An infection-responsive approach to reduce bacterial adhesion in urinary biomaterials

Colin P. McCoy, Nicola J. Irwin, Christopher Brady, David S. Jones, Louise Carson, Gavin P. Andrews, Sean P. Gorman

Research output: Contribution to journalArticlepeer-review

22 Citations (Scopus)
334 Downloads (Pure)


Infection is an inevitable consequence of chronic urinary catheterisation, with associated problems of recurrent catheter encrustation and blockage experienced by approximately 50% of all long-term catheterised patients. In this work we have exploited, for the first time, the reported pathogen-induced elevation of urine pH as a trigger for ‘intelligent’ antimicrobial release from novel hydrogel drug delivery systems of 2-hydroxyethyl methacrylate and vinyl-functionalised nalidixic acid derivatives, developed as candidate infection-resistant urinary catheter coatings. Demonstrating up to 20-fold faster rates of drug release at pH 10, representing infected urine pH, than at pH 7, and achieving reductions of up to 96.5% in in vitro bacterial adherence, our paradigm of pH-responsive drug delivery, which requires no external manipulation, therefore represents a promising development towards the prevention of catheter-associated urinary tract infections (CAUTIs) in vivo.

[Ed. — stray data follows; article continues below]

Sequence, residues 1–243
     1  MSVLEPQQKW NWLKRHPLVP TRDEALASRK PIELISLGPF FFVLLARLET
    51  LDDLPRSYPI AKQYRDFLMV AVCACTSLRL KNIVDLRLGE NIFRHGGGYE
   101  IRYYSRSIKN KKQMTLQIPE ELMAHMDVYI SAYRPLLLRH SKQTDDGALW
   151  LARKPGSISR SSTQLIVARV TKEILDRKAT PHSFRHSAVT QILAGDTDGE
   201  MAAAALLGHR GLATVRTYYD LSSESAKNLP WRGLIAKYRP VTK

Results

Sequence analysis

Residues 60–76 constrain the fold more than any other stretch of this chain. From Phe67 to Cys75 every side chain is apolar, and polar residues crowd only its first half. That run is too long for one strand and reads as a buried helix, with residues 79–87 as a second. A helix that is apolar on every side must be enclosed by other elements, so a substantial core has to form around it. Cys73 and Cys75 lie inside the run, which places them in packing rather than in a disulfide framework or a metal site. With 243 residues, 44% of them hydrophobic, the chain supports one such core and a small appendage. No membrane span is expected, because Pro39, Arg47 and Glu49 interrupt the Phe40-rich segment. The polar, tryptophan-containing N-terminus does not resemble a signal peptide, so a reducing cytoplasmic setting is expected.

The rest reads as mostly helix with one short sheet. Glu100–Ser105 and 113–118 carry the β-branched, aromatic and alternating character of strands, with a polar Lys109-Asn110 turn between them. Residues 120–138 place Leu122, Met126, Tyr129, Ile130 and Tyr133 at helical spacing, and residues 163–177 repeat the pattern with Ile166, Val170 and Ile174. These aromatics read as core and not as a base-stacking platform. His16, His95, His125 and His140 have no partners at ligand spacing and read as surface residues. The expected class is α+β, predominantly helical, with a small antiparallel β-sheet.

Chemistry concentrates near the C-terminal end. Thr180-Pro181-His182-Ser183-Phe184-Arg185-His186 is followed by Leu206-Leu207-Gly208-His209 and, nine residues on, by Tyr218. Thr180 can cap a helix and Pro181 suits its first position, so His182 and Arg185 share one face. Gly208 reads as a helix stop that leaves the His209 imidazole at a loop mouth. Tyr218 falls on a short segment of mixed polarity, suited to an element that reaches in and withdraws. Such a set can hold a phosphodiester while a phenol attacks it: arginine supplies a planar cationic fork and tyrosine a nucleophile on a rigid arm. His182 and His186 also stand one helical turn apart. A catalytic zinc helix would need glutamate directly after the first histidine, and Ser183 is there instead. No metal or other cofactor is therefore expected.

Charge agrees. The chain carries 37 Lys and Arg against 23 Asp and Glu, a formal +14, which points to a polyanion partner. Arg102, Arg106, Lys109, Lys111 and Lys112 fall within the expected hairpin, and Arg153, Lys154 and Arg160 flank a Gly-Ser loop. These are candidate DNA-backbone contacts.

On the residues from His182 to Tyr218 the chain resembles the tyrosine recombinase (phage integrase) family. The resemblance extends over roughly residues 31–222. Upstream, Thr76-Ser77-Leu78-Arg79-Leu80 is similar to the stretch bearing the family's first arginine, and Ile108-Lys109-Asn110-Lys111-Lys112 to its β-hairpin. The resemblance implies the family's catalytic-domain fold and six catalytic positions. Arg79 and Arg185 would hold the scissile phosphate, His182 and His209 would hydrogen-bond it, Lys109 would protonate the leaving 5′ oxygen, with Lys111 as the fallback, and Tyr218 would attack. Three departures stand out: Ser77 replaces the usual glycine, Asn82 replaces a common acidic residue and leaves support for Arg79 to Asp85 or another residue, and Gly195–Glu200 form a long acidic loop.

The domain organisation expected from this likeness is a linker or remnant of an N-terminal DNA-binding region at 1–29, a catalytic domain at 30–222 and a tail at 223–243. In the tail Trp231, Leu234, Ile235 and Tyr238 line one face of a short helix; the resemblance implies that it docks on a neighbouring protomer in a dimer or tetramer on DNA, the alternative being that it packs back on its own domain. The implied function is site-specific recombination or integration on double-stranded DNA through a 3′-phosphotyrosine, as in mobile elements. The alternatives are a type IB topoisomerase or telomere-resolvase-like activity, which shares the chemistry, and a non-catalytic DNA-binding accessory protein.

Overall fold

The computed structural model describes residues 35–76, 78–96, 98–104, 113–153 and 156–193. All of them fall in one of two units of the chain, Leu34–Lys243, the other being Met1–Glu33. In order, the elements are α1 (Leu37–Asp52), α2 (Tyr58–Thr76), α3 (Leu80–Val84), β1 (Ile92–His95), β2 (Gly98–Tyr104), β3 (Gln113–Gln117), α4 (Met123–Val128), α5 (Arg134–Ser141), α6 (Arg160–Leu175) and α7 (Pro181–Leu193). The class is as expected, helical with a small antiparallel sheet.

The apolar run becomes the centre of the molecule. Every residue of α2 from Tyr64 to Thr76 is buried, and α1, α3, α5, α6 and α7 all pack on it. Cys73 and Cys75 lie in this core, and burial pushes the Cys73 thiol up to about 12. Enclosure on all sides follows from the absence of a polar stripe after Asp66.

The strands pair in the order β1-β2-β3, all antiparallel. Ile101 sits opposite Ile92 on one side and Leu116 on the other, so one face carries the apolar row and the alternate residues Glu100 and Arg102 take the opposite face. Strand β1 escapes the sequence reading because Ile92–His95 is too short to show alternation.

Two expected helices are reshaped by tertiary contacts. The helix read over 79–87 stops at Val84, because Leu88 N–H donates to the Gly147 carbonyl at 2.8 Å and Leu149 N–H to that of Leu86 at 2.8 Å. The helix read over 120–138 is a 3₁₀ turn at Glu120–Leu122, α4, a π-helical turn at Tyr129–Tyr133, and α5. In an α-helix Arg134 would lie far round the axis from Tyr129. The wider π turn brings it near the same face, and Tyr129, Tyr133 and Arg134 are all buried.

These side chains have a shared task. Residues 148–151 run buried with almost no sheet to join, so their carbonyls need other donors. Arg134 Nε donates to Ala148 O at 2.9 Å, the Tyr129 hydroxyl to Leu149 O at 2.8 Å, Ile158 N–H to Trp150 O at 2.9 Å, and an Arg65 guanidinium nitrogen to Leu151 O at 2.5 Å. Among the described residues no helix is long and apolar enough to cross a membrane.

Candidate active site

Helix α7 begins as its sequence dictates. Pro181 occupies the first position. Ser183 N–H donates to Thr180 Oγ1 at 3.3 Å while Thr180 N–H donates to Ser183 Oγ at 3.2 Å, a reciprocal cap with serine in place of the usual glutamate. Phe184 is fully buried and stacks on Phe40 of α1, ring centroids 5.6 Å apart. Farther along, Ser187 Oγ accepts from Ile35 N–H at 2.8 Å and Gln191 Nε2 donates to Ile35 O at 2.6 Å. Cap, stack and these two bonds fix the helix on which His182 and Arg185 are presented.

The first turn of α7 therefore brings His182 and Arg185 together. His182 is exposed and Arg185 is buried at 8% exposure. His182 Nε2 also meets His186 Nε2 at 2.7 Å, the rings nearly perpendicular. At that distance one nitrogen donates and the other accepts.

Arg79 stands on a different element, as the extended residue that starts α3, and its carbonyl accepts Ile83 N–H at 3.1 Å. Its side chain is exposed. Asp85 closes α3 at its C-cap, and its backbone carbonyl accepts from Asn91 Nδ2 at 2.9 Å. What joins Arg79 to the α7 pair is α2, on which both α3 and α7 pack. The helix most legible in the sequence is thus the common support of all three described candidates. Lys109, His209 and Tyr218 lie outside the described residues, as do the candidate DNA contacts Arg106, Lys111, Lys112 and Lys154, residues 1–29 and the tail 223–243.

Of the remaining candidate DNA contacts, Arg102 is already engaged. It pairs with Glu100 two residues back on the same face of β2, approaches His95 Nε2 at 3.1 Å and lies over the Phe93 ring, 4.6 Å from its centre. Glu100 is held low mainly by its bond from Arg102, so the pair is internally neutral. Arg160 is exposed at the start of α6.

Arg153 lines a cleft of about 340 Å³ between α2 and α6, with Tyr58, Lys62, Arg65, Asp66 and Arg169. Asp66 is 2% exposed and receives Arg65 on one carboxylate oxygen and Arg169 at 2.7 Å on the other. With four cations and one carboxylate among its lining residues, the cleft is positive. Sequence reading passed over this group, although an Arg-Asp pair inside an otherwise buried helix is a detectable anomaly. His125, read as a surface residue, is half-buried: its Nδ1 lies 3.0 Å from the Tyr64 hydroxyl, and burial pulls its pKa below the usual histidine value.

Original languageEnglish
Pages (from-to)2817–2822
Number of pages6
JournalMolecular Pharmaceutics
Issue number8
Early online date30 Jun 2016
Publication statusPublished - 2016


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